Zimmerman has not spoken publicly, since any statements he makes could affect future litigation against him. The public outcry driven by the media and a New Black Panther Bounty drove Zimmerman and his family into hiding until he voluntarily turned himself in at the request of the Special Prosecutor.
His father, brother, and former defense lawyer, Craig Sonner, have said in interviews that Zimmerman is not racist and has been unfairly vilified. He feared for his life during his altercation with Trayvon Martin, they say, and was justified in using deadly force. In his conversation with Martin, Serino referred to Zimmerman’s background as “squeaky clean.”
Zimmerman had been arrested in 2005 for shoving an undercover state alcohol agent officer during an argument at a bar. Charges were dropped after he entered a special program for first-time offenders.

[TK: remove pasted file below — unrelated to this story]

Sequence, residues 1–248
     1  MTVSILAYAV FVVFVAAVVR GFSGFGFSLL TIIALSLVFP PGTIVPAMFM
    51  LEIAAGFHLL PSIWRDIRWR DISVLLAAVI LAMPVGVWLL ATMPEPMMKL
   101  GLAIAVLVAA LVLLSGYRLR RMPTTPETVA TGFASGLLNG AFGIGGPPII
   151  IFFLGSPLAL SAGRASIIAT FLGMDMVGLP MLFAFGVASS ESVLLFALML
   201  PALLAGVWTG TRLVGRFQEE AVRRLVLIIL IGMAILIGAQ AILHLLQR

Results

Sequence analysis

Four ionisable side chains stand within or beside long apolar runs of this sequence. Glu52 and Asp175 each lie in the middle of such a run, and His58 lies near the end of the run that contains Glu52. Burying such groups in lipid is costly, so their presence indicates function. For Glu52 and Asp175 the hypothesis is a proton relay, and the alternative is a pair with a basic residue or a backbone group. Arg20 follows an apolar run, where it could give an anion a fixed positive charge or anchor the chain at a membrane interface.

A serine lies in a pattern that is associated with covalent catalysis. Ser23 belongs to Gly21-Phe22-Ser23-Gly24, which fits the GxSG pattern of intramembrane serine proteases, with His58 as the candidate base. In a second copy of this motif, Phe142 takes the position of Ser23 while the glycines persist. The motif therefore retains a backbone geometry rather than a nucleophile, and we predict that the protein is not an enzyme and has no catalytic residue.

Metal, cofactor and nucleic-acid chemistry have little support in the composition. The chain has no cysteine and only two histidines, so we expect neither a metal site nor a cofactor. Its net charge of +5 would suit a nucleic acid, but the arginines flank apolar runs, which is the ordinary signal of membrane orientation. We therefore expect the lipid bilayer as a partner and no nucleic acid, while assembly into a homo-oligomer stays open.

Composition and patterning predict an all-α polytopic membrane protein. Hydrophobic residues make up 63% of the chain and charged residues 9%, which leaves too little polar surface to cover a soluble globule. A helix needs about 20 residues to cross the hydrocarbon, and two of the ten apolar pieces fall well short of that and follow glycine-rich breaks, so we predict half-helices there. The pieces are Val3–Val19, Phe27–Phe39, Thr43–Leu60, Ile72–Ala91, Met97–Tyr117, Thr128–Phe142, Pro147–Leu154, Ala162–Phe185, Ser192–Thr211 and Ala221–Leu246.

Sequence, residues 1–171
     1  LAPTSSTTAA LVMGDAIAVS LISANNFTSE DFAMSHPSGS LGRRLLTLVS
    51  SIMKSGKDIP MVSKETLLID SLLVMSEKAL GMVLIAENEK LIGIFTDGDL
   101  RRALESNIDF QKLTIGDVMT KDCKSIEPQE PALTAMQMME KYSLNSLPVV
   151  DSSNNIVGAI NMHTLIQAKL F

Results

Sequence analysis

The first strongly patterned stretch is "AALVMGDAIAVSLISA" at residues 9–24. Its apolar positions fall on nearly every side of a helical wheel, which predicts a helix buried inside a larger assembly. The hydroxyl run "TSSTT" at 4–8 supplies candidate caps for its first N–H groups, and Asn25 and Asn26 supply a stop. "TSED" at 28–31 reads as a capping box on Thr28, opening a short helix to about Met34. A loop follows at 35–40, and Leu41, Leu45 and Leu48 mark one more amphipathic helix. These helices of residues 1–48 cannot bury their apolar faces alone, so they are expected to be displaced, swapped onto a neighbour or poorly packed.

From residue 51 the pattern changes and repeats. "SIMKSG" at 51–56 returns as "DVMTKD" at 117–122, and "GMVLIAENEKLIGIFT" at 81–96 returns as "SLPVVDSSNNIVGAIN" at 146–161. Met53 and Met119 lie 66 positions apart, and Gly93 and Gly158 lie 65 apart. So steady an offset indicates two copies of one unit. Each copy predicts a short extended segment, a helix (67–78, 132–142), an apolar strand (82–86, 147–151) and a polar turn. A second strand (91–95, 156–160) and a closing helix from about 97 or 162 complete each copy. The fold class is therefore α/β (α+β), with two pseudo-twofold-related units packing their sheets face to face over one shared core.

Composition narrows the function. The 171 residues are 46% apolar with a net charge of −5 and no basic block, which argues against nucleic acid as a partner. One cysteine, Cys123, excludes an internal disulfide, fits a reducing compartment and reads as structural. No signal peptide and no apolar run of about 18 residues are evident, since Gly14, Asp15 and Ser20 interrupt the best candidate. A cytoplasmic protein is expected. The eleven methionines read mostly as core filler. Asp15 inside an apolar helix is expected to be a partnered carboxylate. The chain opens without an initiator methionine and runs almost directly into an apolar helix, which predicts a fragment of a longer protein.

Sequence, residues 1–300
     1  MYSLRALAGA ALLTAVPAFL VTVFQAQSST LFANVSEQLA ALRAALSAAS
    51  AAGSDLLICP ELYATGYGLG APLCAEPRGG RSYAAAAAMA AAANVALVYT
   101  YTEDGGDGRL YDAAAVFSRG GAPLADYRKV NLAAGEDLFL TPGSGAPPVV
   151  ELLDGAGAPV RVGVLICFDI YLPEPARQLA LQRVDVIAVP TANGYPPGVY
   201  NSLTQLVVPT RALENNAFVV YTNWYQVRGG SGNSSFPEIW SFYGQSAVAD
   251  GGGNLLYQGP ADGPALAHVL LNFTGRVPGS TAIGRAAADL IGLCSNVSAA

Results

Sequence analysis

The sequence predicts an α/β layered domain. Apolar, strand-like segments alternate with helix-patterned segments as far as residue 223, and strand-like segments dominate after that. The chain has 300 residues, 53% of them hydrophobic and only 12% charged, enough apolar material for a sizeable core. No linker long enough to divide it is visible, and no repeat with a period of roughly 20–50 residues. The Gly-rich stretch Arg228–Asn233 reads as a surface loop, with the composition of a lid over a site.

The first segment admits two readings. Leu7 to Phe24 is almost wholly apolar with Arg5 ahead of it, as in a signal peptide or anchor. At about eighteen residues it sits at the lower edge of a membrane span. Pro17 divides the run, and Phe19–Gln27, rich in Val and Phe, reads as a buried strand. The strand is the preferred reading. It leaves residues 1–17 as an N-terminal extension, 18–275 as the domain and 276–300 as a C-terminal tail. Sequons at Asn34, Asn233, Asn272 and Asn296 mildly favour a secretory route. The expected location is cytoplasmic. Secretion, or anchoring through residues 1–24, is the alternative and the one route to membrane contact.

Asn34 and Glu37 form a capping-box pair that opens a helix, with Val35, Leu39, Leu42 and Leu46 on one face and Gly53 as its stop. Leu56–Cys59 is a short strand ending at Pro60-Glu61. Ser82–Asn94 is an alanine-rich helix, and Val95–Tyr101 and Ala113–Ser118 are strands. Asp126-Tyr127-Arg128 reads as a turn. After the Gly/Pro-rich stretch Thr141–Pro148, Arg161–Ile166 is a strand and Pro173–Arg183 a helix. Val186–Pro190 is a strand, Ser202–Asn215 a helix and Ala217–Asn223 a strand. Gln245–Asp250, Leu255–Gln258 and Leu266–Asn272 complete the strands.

After 6 hours of interrogation Sanford police released Zimmerman without charge, but Tracy Martin says Detective Serino told him he would challenge Zimmerman’s account. “The detective’s words were, ‘I want to interview him again to see if I can catch him in a lie,'” Martin said.
Some news agencies have even reported that Sanford’s lead investigator, Chris Serino, wanted Zimmerman charged with manslaughter that night but Wolfinger’s office put a stop to it. The city of Sanford issued a statement saying that is completely not true.
Police did that night prepare an incident report that lists “manslaughter” as the possible crime being investigated, but in every case in which an officer prepares an incident report, he or she fills in that spot with some crime and statute number to allow the agency to properly report crime statistics to the FBI.